Vice-chancellors have hit back at a report that claims that universities are offering "non-courses" that waste millions of pounds of taxpayers' money.
The TaxPayers' Alliance study lists what it describes as 401 "non-courses" at 91 institutions and says that £40 million would be saved if the "Mickey Mouse" courses were scrapped. Among the courses it singles out are Derby University's "Culinary Arts and Adventure Tourism" course and Glamorgan University's "Science: Fiction and Culture" programme.
The TaxPayers' Alliance, a free-market group that lobbies for lower taxation, has previously made headlines with populist attacks on what it sees as wasteful, "politically correct" bureaucracy.
Deian Hopkin, chairman of Universities UK's skills task group, said: "I find the concept of 'Mickey Mouse' courses deeply offensive; it misconstrues the purpose of the new types of degrees.
"There is no fantasy associated with providing higher-level qualifications linked with new industries, whatever they are.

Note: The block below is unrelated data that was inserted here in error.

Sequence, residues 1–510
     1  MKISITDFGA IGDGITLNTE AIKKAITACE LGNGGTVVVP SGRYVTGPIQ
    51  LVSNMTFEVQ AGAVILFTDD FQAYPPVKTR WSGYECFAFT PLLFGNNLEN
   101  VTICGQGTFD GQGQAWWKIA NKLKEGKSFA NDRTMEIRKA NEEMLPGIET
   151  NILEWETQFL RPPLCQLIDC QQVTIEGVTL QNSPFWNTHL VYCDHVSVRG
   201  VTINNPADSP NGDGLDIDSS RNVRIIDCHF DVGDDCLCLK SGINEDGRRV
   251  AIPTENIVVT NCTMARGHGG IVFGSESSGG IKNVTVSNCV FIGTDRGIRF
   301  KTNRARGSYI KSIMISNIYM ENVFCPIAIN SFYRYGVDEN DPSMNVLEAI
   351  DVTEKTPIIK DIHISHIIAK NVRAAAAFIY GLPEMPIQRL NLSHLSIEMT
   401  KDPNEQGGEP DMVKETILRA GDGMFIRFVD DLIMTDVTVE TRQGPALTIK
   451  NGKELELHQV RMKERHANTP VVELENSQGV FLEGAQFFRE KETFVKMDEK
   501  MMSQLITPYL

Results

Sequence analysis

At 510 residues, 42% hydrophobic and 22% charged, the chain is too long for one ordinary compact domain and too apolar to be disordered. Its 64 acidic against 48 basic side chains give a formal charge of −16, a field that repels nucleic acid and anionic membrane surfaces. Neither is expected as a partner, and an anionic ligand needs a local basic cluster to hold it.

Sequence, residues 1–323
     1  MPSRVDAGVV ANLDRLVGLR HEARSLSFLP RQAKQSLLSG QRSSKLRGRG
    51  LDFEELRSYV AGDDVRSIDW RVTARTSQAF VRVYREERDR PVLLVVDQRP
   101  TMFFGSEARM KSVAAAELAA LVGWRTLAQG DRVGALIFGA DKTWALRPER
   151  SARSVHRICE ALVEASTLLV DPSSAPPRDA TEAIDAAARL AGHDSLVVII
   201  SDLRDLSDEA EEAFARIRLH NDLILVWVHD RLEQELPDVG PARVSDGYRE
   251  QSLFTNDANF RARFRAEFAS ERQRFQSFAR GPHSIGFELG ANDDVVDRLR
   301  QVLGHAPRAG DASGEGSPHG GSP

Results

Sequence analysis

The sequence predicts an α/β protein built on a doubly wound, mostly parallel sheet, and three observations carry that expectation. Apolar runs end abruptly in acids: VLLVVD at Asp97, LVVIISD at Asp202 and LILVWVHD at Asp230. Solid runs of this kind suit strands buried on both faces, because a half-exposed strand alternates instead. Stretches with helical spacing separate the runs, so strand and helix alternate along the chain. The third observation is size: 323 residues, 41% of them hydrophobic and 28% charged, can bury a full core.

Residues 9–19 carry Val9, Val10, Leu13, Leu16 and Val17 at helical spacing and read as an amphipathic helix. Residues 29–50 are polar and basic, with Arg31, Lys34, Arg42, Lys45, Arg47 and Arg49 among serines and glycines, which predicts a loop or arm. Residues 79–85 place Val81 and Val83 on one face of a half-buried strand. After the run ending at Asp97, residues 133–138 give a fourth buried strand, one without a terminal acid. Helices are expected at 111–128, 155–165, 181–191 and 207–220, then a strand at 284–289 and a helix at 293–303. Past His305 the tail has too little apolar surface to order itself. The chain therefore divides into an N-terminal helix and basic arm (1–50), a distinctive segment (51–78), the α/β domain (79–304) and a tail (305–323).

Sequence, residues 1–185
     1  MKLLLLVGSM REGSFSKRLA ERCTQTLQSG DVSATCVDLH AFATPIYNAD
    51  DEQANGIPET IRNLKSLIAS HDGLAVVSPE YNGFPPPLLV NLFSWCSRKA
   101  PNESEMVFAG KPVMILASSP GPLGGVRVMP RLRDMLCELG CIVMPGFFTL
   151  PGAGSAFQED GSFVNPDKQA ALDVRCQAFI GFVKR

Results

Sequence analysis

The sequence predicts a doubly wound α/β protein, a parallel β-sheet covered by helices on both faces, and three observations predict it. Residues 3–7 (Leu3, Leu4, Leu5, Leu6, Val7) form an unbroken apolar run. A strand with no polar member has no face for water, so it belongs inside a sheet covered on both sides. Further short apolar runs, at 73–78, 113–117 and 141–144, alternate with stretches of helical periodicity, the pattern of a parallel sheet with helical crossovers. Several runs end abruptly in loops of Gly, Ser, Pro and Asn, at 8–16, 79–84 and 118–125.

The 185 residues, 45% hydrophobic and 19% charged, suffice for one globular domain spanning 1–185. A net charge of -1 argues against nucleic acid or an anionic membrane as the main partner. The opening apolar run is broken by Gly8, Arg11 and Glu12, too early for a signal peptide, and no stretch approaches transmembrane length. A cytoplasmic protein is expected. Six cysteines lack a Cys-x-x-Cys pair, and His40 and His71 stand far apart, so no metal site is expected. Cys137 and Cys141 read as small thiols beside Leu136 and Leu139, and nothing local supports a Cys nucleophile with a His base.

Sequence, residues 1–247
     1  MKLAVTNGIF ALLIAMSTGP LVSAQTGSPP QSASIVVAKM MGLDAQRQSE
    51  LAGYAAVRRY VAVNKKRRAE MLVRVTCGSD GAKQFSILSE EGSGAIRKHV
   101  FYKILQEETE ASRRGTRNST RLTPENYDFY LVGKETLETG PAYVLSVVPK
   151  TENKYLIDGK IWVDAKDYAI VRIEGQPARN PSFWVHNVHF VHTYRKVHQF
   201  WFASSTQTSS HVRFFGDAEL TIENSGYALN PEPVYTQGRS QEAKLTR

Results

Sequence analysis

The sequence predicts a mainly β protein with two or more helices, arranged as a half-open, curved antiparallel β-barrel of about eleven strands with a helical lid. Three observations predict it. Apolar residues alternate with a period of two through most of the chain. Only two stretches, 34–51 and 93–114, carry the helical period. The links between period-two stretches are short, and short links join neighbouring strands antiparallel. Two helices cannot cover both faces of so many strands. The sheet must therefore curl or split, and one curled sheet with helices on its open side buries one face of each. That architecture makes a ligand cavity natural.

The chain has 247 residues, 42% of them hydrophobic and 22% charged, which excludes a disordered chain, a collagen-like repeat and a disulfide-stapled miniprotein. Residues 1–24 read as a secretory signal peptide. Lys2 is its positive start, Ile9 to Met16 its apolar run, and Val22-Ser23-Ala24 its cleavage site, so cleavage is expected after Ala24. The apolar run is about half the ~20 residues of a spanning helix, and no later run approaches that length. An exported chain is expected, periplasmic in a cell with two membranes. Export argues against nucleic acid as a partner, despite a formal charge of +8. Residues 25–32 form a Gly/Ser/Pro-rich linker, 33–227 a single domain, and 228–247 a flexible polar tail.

"In fact, £40 million is half of 1 per cent of what we spend on higher education. The people with these degrees will pay much more in tax over their working lives."
Professor Hopkin, vice-chancellor of London South Bank University, added: "I'm old enough to remember when accountancy and financial management were introduced into universities and people were very sceptical."
The report says Derby University has the largest number of "non-courses", at 41.
Derby's vice-chancellor, John Coyne, said: "This report is an unfortunate combination of misplaced assertion, misunderstanding of the educational needs of important commercial sectors, and poor research."